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The markets we operate in

Market overview

The pace of economic slowdown during the year was faster than most had predicted. What had first been expected to be a downturn in key developed economies turned into a global recession in the autumn of 2008. With record oil and commodity prices, sterling collapse and an unprecedented financial crisis all striking at once, even those emerging economies that had been expected to go untouched by recession saw sharp declines in growth.

In the UK, growth began slowing in the first half of the year, whilst the US economy went into recession in the last quarter. In both economies, consumer and business confidence plummeted due to rising unemployment, uncertainty in the capital markets, a continuing squeeze on credit, the erosion of household budgets and falling house prices. Growth also slowed dramatically in many Asian economies.

Government attempts – nationally and internationally – to halt the financial crisis through bank bailouts and credit guarantees staved off what might have been an even more serious collapse. Subsequent efforts to stimulate economic activity are expected by most economists to take longer to take effect.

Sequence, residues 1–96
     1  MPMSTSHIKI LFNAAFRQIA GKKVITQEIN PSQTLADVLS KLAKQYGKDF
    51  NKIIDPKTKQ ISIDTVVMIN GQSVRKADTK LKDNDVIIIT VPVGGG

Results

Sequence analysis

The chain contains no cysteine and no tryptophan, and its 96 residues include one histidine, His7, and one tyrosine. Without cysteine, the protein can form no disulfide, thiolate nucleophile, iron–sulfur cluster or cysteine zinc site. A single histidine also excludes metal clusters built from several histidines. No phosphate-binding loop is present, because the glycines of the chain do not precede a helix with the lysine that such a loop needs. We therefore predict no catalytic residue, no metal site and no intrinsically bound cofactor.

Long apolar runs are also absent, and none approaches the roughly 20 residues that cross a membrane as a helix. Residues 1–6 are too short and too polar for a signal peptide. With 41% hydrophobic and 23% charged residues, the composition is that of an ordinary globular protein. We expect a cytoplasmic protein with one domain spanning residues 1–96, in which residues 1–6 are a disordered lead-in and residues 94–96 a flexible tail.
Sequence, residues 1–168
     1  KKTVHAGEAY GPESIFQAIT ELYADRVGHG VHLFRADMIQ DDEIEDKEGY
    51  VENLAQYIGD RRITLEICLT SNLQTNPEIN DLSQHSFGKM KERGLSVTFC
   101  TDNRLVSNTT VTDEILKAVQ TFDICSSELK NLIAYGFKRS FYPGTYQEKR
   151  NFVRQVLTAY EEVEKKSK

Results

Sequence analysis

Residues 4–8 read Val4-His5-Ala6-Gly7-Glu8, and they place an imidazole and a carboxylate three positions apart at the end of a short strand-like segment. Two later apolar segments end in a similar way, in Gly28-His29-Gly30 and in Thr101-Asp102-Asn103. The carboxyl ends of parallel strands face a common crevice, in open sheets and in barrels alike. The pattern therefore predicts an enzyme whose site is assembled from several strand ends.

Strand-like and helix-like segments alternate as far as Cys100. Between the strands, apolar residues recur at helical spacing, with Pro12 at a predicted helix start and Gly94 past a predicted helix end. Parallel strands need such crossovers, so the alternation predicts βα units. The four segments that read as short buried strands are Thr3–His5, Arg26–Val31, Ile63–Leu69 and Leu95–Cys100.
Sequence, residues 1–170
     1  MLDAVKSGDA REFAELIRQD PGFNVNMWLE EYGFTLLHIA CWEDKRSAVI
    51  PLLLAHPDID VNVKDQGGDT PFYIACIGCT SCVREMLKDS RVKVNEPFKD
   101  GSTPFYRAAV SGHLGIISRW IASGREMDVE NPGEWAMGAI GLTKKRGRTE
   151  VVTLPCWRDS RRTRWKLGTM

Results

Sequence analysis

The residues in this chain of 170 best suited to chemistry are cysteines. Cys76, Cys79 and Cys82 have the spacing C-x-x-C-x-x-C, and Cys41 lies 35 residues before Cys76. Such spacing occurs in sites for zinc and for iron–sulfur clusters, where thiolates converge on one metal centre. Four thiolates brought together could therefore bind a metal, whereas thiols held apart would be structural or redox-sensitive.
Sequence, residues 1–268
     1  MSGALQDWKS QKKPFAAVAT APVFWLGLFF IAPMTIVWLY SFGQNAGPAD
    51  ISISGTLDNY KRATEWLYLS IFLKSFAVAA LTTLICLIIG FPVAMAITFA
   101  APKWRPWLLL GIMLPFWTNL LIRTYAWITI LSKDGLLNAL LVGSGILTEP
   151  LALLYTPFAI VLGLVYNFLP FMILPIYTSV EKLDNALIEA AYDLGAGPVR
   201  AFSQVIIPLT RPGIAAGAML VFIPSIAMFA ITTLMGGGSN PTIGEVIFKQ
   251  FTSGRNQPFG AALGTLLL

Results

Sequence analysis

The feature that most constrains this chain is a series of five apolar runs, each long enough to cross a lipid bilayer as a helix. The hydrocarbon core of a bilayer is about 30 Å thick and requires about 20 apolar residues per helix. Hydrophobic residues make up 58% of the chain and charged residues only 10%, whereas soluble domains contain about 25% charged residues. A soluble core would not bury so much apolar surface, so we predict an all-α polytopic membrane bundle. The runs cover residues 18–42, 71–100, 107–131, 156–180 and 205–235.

It is hoped that these steps will kick-start the US and UK economies which will provide some economic growth in 2010. This should, in turn, provide some basis for a recovery in our own business.

Impact on the industry

The airline industry acts as an economic barometer. Like our competitors, we feel the full force of falling confidence quickly and, on this occasion, dramatically.

During the first half of the year, oil prices hit a record high of $146 a barrel, forcing up the fuel costs of all carriers to unprecedented levels and putting margins under enormous pressure. Although fuel prices subsequently fell to about a third of that level, the onset of recession had already begun in earnest, forcing many airlines into financial loss.

Even at these lower levels, fuel remains a much bigger proportion of airline costs compared to a few years ago, and the prospect of renewed volatility in prices remains a long-term concern.

The most significant impact of the downturn has been on premium passengers, with businesses looking to cut back sharply on travel to save money. IATA’s latest figures show that global premium traffic fell in 2008 by 2.8 per cent. The rate of decline is increasing, and IATA has indicated that the year to date decline for the first three months of 2009 was around 19 per cent. The rate of decline varied across the world, with trans-Pacific traffic and routes within Asia most severely hit.

“The airline industry acts as an economic barometer. Like our competitors, we feel the full force of falling confidence quickly and, on this occasion, dramatically.”

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